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Broadening the Targeting Range of Cas9: a Chimeric Way Developed by Xie and Ma from Oasis Publishers.

New York, NY, February 05, 2019 --( Dr. Zhen Xie and Dr. Dacheng Ma published a research work titled, "Engineer chimeric Cas9 to expand PAM recognition based on evolutionary information." In this study, a group of chimeric Cas9 (cCas9) variants were generated. This was done by "replacing the key region in the PAM interaction (PI) domain of Staphylococcus aureus Cas9 (SaCas9) with the corresponding region in a panel of SaCas9 orthologs."

CRISPR (clustered regularly interspaced short palindromic repeats)-Cas (CRISPR associated) system is to function as the prokaryotic adaptive immune systems that prevent infection by providing protection. By repurposing, CRISPR/Cas system has shown revolutionized effect in biomedical research and application. Cas9 is one type of the nuclease in CRISPR system that can be directed to specific genome sites by a small RNA named guide RNA (gRNA). It is very useful for gene therapy to genetic disorder due to specific mutations. Several clinical trials have been launched.

However, short protospacer adjacent motif (PAM) is required downstream of the genome target site for Cas9 nuclease activity, hence, only sites with the correct PAM sequences could be ideally targeted which restrict the target range of this biomedical tool.

The 2018 chemistry Nobel prize has been awarded to scientists developing the directed revolution of enzyme and protein.The study conducted by Xie and Ma developed an interesting approach for PAM expansion based on natural diverse of the CRISPR system. The CRISPR system has been found in half of all sequenced bacterial genomes. They found out that approximately all archaeal genomes, as well as CRISPR nucleases, were highly diverse.

The prime focus of the research by Xie and Ma is on Staphylococcus aureus (SaCas9) engineering. This is because SaCas9 is a compact Cas9 ortholog suitable for viral delivery or biomedical applications. In the study, the team of researchers developed a strategy to engineer SaCas9 variants with altered PAM recognition specificity.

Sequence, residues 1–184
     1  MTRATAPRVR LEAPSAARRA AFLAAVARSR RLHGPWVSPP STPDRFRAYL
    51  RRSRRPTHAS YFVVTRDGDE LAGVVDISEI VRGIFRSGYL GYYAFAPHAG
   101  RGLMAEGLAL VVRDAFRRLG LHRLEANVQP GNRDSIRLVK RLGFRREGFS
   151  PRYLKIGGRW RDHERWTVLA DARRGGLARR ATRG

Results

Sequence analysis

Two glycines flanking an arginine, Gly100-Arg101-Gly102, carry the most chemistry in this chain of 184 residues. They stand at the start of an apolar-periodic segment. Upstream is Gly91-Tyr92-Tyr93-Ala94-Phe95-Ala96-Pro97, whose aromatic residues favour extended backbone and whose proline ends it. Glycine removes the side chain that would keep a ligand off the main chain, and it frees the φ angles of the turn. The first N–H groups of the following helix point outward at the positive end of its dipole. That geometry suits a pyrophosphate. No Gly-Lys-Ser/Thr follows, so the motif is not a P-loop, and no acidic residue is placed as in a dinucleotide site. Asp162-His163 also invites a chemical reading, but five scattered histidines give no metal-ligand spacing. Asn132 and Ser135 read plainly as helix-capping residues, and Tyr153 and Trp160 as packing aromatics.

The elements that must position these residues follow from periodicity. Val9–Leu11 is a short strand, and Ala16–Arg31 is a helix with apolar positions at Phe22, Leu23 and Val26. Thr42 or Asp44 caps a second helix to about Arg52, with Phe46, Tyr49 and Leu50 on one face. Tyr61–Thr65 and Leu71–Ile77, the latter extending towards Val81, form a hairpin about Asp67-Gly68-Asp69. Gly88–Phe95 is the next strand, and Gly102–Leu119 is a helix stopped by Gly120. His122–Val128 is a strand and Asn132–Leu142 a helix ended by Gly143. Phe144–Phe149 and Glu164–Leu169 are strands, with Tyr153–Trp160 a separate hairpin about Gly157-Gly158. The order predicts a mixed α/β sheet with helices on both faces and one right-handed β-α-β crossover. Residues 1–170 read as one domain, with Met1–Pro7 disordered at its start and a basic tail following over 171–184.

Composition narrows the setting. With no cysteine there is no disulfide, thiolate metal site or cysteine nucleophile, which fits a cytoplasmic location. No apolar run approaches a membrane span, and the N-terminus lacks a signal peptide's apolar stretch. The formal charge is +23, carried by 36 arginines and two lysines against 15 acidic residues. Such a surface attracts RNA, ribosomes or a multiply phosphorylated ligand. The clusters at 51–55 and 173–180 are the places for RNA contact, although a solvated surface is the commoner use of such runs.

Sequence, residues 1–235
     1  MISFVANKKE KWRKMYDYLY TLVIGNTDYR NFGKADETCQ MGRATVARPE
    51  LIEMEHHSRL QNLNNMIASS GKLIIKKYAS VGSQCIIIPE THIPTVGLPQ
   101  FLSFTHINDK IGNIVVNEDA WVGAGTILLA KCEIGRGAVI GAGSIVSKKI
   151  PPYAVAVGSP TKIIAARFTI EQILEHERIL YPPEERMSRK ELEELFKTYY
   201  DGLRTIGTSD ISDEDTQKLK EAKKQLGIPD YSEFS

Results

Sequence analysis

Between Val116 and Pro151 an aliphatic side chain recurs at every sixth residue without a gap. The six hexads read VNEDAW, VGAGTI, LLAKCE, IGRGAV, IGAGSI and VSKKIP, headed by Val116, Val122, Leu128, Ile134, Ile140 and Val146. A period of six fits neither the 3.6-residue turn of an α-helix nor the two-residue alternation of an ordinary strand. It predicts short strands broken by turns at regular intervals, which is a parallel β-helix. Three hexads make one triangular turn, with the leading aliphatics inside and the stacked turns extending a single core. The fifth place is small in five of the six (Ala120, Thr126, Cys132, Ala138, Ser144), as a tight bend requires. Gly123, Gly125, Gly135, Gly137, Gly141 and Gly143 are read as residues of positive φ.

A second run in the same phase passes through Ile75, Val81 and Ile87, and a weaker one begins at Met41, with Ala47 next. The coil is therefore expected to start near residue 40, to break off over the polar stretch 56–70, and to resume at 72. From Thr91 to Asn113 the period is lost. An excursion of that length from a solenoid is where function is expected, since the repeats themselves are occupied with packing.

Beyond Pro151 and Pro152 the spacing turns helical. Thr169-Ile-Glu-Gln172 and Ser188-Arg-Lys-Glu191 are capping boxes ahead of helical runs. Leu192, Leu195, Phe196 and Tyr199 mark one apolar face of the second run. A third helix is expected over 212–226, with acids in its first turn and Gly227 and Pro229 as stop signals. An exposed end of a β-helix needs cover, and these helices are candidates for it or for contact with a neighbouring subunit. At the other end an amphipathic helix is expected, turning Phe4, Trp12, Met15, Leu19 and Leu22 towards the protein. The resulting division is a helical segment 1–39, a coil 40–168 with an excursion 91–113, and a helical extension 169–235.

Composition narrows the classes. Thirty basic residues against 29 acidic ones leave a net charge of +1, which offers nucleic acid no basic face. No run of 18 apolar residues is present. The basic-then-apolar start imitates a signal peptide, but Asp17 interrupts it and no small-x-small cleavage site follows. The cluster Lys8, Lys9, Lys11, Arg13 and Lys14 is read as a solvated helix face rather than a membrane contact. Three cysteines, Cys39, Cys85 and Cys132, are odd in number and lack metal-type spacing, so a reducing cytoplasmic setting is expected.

Xie and Ma searched for SaCas9 orthologs in the NCBI database by performing a BLAST analysis with the full-length amino acid sequences of SaCas9. Further, 32 unique chimeric Cas9 variants were generated by replacing the PAM interaction region of the Cas9 orthologs. Xie, Ma and the team of researchers have provided a panel of cCas9 variants that are accessible up to a quarter of all the PAM sequences. They are inclusive of a compact size suitable for viral delivery in mammalian cells, which will be of great importance in the biomedical applications for the Cas9 positioning.

The study conducted by Xie and Ma showed the strategy, which was developed by them to engineer PAM recognition specificity. They performed it by swapping the key region in the PI domain in SaCas9 orthologs. According to them, directed evolution screening and structure-guided mutagenesis based on these cCas9 variants may further assist in improving the DNA cleavage activities. An explanation of the above can be that sufficient PAM binding activity of SaCas9 nucleases may be required to initiate strong gene editing activities. Furthermore, the explanation was also that relaxed PAM binding activity of SaCas9 nucleases activity was found to result in reduced DNA cleavage activity.

The researchers, however, feel that further studies are essential to understanding the functional relationship between the PAM recognition and the SaCas9 nuclease activity. After a couple of experiments and their analysis, one possible explanation was that the specific recognition and broad recognition contradicted each other due to the nature of protein-DNA interaction.

The research conducted by Xie and Ma is brilliant because it explains a quite complex subject in an easy manner with various experimental illustrations along with the results. It provides the reader with information that may be insightful to engineer Cas9 proteins for other purposes such as immugeneticity, high-fidelity and functional capability of mammalian cells.

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Oasis Publishers

Zhen Xie


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Date:Feb 5, 2019
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